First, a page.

Chic African Culture Africa Factbook

How your daily coffee habit may support poverty

There are steps that you can take to ensure that your morning cup of coffee is not endorsing poverty in Africa.

Africa does not benefit from the processing and manufacturing portion of the coffee bean, only the agricultural. Discover what is Fair Trade and how does it help the small family coffee growers and not endorse poverty and exploitation of poor agricultural coffee growing regions. While the coffee industry can be complex and challenging, there are steps that consumers can take to ensure that their morning cup of coffee is produced in a way that is ethical, sustainable, and supports the livelihoods of small-scale farmers and workers in developing countries.

Coffee and poverty, the bitter truth behind your morning brew.

It is true that the coffee industry has a complex supply chain that can involve exploitation and poverty among small-scale farmers and workers in developing countries. However, there are steps that consumers can take to ensure that their morning cup of coffee is not endorsing poverty.

One way to support ethical and sustainable coffee production is to look for products that carry certifications such as Fair Trade and Rainforest Alliance. These certifications indicate that the coffee has been produced in a way that meets certain standards for fair labor practices, environmental sustainability, and economic stability. By choosing certified coffee, consumers can help support small-scale farmers and workers in developing countries and promote a more equitable and sustainable coffee industry.

Picking coffee berries in Ethiopia

Another way to support ethical coffee production is to buy directly from small-scale coffee farmers or cooperatives. This approach can help ensure that farmers receive a fair price for their crops and that the benefits of coffee production are more evenly distributed throughout the supply chain.

Consumers can also support ethical coffee production by advocating for policy changes that promote fair labor practices and environmental sustainability in the coffee industry. This can include supporting initiatives to promote transparency in supply chains, strengthen labor protections, and reduce the environmental impact of coffee production.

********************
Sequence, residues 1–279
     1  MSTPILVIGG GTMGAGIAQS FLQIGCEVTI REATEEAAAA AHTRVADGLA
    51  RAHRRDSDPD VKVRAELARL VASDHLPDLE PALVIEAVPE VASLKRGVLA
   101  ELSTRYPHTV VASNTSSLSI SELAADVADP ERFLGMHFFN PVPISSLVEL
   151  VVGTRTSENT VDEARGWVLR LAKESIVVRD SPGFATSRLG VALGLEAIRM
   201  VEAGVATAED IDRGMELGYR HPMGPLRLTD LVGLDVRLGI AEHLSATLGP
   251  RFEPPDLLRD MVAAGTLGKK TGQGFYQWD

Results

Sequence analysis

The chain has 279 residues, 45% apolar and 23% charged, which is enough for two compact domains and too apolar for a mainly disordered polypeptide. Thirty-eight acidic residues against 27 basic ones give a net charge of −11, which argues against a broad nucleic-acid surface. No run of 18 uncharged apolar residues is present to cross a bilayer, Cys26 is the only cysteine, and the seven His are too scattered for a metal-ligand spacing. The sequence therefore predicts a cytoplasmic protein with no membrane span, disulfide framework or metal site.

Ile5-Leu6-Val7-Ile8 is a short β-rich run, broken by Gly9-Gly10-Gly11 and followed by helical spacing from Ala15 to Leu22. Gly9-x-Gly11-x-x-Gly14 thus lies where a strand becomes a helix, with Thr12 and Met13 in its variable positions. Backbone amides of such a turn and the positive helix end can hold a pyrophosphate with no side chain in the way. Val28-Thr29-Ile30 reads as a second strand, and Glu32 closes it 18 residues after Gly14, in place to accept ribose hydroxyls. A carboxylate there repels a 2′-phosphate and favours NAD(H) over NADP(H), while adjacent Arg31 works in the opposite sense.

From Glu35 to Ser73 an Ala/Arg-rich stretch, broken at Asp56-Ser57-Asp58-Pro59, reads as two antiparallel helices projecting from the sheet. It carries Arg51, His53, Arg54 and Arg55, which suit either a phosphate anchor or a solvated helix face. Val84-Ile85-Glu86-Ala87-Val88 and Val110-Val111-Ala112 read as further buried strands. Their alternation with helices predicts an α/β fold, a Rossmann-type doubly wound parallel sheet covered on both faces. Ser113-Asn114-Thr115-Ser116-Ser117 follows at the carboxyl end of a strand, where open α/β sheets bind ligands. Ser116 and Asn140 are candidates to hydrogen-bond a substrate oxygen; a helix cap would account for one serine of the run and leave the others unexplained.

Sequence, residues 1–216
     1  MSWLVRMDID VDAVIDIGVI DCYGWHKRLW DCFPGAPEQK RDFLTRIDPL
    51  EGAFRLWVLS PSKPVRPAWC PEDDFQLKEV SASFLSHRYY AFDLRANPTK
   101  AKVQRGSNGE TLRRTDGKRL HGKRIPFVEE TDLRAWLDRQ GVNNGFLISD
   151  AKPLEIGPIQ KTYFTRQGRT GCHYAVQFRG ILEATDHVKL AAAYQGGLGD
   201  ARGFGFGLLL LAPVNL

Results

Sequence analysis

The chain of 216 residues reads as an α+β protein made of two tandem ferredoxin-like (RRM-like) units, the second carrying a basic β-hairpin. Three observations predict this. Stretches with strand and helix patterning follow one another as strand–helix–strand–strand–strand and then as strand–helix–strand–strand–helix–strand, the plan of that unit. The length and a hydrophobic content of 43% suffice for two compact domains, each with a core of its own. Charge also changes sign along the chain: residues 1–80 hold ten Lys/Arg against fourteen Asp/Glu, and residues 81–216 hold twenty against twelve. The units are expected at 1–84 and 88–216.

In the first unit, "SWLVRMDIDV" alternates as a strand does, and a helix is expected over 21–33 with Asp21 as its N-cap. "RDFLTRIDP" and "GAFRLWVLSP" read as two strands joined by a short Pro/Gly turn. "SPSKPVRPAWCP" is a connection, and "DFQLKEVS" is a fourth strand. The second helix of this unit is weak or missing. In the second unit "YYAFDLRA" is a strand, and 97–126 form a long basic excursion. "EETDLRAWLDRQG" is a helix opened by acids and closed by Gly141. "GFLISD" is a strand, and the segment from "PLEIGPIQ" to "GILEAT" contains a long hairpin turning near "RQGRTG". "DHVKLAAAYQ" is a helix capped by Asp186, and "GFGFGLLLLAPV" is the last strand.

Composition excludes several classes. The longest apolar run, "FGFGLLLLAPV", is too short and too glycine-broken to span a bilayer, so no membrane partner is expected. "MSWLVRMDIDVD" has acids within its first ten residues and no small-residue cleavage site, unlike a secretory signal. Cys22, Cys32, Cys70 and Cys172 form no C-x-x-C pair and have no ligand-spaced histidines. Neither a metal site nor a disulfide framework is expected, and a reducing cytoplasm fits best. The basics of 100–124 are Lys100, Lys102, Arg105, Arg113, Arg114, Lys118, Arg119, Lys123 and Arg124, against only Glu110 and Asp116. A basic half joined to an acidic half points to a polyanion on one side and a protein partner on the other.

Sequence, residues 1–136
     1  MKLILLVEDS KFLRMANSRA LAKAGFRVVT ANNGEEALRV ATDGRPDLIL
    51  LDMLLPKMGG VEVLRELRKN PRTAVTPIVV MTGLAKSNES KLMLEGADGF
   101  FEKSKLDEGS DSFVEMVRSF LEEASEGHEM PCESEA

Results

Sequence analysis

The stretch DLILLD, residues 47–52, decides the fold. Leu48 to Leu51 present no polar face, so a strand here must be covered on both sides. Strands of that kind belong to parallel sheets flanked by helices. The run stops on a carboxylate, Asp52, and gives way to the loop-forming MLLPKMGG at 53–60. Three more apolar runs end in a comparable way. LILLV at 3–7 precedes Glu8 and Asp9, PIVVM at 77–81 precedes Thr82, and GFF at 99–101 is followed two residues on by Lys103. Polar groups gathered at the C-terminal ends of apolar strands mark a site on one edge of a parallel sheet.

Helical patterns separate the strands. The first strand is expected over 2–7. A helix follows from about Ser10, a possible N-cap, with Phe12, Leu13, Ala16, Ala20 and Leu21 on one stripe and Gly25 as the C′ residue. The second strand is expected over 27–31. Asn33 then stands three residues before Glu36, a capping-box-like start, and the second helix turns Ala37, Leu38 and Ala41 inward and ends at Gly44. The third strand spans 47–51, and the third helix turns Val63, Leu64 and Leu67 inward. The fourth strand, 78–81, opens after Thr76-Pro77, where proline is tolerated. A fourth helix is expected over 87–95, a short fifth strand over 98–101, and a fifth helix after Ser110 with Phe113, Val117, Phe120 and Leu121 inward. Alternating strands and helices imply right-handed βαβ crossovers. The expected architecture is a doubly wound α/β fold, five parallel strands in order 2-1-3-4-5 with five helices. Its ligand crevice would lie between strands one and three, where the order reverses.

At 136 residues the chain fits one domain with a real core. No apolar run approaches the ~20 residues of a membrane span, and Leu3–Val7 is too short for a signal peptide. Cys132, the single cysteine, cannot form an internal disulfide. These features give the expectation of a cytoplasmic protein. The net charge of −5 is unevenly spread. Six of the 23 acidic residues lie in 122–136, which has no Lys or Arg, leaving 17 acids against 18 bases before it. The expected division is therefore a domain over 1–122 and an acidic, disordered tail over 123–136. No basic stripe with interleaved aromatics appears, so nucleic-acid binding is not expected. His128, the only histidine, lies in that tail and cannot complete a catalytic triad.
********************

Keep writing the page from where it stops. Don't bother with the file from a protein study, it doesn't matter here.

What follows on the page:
Small family coffee growers in Ethiopia are a crucial part of the country's agricultural sector, and they play a key role in producing some of the world's finest coffees. However, despite the importance of coffee to the Ethiopian economy, the lives of small family coffee growers can be challenging and often marked by poverty and uncertainty.

Many small family coffee growers in Ethiopia work on small plots of land, typically less than one hectare, and rely on coffee as their main source of income. However, coffee prices can be volatile and subject to fluctuations in the global market, which can make it difficult for farmers to make ends meet.

In addition to economic challenges, small family coffee growers in Ethiopia often face environmental challenges, such as droughts, floods, and soil erosion. These challenges can make it difficult to maintain healthy coffee trees and produce high-quality beans.

Social challenges can also be a factor for small family coffee growers in Ethiopia. Many farmers lack access to education, healthcare, and other basic services, and may live in remote areas with limited infrastructure.

Despite these challenges, small family coffee growers in Ethiopia are often deeply committed to their work and take pride in producing high-quality coffee. Many farmers use traditional methods of cultivation and harvest, such as hand-picking the ripest coffee cherries, and take great care in processing and roasting their beans.

The dark side of coffee, how it fuels poverty and inequality but Fair Trade can help.

The lives of small family coffee growers in Ethiopia can be difficult and uncertain, but they are also marked by resilience, hard work, and a deep connection to the land and the coffee that it produces. Efforts to support these farmers through initiatives like Fair Trade can help provide greater stability and security for them and their communities.

Fair Trade is a social movement that aims to help small-scale farmers and producers in developing countries get better prices and working conditions for their products. One of the ways that Fair Trade works is by establishing a set of standards for fair labor practices, environmental sustainability, and economic stability, and then certifying products that meet these standards with a Fair Trade label.